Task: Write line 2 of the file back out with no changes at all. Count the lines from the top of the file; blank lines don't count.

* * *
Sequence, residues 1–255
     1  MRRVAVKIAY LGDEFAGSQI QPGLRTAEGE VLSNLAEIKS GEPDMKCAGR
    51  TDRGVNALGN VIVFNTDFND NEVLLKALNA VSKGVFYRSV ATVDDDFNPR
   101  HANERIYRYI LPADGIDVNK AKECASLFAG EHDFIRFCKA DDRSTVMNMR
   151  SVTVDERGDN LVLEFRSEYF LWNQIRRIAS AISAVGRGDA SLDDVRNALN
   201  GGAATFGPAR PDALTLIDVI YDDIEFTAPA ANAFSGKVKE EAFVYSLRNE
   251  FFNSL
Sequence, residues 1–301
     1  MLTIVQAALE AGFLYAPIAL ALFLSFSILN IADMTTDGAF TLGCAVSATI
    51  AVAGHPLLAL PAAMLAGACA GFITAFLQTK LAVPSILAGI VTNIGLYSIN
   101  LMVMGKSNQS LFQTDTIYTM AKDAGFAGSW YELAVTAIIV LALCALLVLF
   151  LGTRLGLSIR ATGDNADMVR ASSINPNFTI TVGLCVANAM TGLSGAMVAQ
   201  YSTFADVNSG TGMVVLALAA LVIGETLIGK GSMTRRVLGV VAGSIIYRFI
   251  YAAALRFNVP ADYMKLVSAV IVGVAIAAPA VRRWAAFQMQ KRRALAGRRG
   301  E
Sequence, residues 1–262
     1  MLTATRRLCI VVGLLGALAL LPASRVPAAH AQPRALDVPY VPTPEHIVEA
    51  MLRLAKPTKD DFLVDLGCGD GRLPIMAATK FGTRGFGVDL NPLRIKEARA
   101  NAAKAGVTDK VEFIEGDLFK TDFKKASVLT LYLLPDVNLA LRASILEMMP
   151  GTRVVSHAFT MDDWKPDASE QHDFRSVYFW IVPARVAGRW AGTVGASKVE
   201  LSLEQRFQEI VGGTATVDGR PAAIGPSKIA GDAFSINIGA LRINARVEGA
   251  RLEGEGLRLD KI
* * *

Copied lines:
     1  MRRVAVKIAY LGDEFAGSQI QPGLRTAEGE VLSNLAEIKS GEPDMKCAGR